The Spring Ephemerals, part 2

Everything is different this spring. So many more people are out enjoying the trails, which is great but for two things: overuse and poor (or no) social distancing. For these reasons I might not be going out often, but I can still blog with old pictures.

Floodplains along the river are overflowing with Virginia bluebells (Mertensia virginica; Boraginaceae). Usually colored a pure, intense blue (I call it borage blue), the color can be lighter, or a pale violet, or all pink, or pure white.



Mixed in with these, and also found upslope in slightly drier soils, you can see wild blue phlox (Phlox divaricata; Polemoniaceae).

Moss phlox (P. subulata) might be blooming by now. If not, it will within a week or so. Look for it sprawling over rocks; the plants stand only a few inches tall. The flowers are almost identical to those of wild blue phlox, but the plants’ growth habits are completely different.

Variations on a Theme: Phloxes



wild blue phlox (Phlox divaricata)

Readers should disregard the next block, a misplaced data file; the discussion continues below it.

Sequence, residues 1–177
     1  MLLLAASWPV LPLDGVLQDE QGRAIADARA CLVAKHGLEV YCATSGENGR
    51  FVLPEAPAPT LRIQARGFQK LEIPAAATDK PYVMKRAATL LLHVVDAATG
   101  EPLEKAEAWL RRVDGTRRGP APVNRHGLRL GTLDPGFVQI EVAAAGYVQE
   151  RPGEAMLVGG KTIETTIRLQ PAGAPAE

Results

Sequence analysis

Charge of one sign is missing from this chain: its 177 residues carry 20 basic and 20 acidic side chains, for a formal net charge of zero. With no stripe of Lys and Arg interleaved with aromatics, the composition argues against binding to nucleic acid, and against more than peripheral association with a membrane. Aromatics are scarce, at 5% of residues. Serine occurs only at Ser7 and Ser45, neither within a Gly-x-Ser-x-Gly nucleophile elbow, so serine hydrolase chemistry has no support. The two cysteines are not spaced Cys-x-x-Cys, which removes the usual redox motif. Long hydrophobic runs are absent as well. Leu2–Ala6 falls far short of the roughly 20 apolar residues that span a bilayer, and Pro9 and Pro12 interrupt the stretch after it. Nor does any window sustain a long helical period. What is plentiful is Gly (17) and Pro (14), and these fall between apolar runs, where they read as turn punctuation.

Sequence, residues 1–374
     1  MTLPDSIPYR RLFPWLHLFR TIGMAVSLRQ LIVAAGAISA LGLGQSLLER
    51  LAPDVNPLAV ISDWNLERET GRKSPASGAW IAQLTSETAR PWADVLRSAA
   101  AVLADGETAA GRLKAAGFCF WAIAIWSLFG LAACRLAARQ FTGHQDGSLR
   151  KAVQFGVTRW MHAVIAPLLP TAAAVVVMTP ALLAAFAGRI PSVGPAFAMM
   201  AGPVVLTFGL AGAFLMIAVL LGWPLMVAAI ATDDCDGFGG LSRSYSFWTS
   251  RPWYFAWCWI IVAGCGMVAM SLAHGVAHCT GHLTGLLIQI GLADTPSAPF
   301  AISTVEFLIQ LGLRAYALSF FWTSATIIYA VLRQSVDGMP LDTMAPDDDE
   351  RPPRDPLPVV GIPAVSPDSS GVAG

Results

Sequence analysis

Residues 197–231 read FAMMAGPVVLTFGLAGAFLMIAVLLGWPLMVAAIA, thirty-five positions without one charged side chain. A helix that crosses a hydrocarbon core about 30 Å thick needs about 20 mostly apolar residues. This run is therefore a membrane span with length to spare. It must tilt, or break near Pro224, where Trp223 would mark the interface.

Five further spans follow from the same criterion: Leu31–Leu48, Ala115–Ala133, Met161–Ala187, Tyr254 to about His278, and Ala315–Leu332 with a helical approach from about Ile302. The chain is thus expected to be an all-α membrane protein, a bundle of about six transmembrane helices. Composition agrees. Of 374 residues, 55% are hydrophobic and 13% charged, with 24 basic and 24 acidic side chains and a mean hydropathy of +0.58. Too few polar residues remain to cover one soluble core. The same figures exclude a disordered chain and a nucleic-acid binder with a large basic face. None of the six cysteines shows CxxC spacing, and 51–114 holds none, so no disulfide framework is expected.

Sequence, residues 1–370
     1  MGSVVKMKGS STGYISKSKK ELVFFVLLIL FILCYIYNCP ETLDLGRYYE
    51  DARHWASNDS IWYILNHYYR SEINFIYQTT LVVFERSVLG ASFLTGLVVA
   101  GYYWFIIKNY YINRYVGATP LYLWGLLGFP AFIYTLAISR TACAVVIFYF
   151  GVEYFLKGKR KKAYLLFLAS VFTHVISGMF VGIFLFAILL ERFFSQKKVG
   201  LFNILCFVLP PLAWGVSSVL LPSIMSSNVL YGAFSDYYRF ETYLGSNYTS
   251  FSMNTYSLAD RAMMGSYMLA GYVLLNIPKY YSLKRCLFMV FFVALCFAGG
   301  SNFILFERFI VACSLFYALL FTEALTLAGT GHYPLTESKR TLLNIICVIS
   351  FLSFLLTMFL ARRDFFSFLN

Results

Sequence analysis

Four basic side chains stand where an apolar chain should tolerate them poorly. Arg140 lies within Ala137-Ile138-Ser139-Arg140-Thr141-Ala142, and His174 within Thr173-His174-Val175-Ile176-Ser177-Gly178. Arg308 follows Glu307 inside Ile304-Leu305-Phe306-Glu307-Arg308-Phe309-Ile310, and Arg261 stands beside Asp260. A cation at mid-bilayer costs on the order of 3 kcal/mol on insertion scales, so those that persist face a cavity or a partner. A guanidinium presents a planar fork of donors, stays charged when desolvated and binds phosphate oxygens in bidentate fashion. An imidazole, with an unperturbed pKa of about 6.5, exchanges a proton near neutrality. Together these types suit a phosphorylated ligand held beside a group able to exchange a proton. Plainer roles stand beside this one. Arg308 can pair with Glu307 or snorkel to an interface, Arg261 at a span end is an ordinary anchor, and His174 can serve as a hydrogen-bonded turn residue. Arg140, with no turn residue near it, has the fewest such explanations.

moss phlox (Phlox subulata)




There are 71 native species of phlox across the US and Canada.  Ten of them can be found in Maryland.  These two are the ones I see most frequently in the Potomac Gorge, though I’m always on the lookout for others.



Wild blue phlox stands one to two feet tall, and likes the moist soils near the river.  It’s often found growing near Virginia bluebells, though it seems to grow in the more uphill, drier areas as well.



Moss phlox stands only a few inches tall, and can mostly be found growing out of crevices and cascading over rocks.




As you can see, the flowers are almost identical in shape, but different colors.  Moss phlox is more often pink, according to the books, but almost all the specimens I’ve found in the gorge are white.